Research Article

Entropy-based approach for selecting informative regions in the L1 gene of bovine papillomavirus for phylogenetic inference and primer design

Published: February 08, 2013
Genet. Mol. Res. 12 (1) : 400-407 DOI: https://doi.org/10.4238/2013.February.8.4
Cite this Article:
(2013). Entropy-based approach for selecting informative regions in the L1 gene of bovine papillomavirus for phylogenetic inference and primer design. Genet. Mol. Res. 12(1): gmr2123. https://doi.org/10.4238/2013.February.8.4
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Abstract

Bovine papillomaviruses (BPVs) cause many benign and malignant lesions in cattle and other animals. Twelve BPV types have been identified so far, and several putative novel BPV types have been detected based on the analysis of L1 gene fragments, generated by FAP59/64 and MY11/09 primers. Phylogenetic trees are important in studies that describe novel BPV types. However, topological mistakes could be a problem in such studies. Therefore, we made use of entropy to find phylogenetic informative regions in the BPV L1 gene sequences from all 12 BPVs. Six data sets were created and phylogenetically compared to each other using neighbor-joining and maximum likelihood methods of phylogenetic tree reconstruction. We found two major regions in the L1 gene, using an entropy-based approach, which selects regions with low information complexity. More robust phylogenetic trees were obtained with these regions, when compared to the ones obtained with FAP59/64 and MY11/09 primers. More robust phylogenetic trees are important to accurately position novel BPV types, subtypes and variants. We conclude that an entropy-based approach is a good methodology for selecting regions of the L1 gene of BPVs that could be used to design more specific and sensitive degenerate primers, for the development of improved diagnostic methods.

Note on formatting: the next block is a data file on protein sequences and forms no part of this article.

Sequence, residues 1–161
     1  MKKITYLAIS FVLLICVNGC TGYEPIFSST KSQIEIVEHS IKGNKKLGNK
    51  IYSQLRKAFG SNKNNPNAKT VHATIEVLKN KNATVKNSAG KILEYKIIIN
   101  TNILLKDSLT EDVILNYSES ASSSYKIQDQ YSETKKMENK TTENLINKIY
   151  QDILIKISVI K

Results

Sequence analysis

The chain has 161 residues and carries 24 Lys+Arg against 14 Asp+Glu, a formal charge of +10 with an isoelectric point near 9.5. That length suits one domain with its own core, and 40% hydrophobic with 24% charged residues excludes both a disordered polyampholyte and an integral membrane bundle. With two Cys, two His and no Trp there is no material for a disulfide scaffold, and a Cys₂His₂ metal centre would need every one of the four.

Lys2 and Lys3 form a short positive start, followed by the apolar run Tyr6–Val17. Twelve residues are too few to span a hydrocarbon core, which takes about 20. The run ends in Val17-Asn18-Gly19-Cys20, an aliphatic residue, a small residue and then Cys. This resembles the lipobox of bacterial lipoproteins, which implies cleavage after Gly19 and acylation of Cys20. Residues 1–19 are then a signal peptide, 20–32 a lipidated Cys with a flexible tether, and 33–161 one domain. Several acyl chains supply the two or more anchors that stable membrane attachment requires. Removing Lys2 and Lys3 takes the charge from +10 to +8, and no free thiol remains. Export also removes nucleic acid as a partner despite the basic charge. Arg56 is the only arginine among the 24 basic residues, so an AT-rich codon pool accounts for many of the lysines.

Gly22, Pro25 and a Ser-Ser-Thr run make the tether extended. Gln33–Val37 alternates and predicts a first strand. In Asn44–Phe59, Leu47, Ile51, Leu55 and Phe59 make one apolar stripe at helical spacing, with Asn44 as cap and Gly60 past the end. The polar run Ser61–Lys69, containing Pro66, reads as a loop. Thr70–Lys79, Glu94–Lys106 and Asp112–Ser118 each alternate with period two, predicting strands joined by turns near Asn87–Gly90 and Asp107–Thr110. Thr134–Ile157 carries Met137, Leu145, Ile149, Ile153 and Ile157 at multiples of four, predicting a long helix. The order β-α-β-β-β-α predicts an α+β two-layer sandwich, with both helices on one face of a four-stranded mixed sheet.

Bovine papillomaviruses (BPVs) cause many benign and malignant lesions in cattle and other animals. Twelve BPV types have been identified so far, and several putative novel BPV types have been detected based on the analysis of L1 gene fragments, generated by FAP59/64 and MY11/09 primers. Phylogenetic trees are important in studies that describe novel BPV types. However, topological mistakes could be a problem in such studies. Therefore, we made use of entropy to find phylogenetic informative regions in the BPV L1 gene sequences from all 12 BPVs. Six data sets were created and phylogenetically compared to each other using neighbor-joining and maximum likelihood methods of phylogenetic tree reconstruction. We found two major regions in the L1 gene, using an entropy-based approach, which selects regions with low information complexity. More robust phylogenetic trees were obtained with these regions, when compared to the ones obtained with FAP59/64 and MY11/09 primers. More robust phylogenetic trees are important to accurately position novel BPV types, subtypes and variants. We conclude that an entropy-based approach is a good methodology for selecting regions of the L1 gene of BPVs that could be used to design more specific and sensitive degenerate primers, for the development of improved diagnostic methods.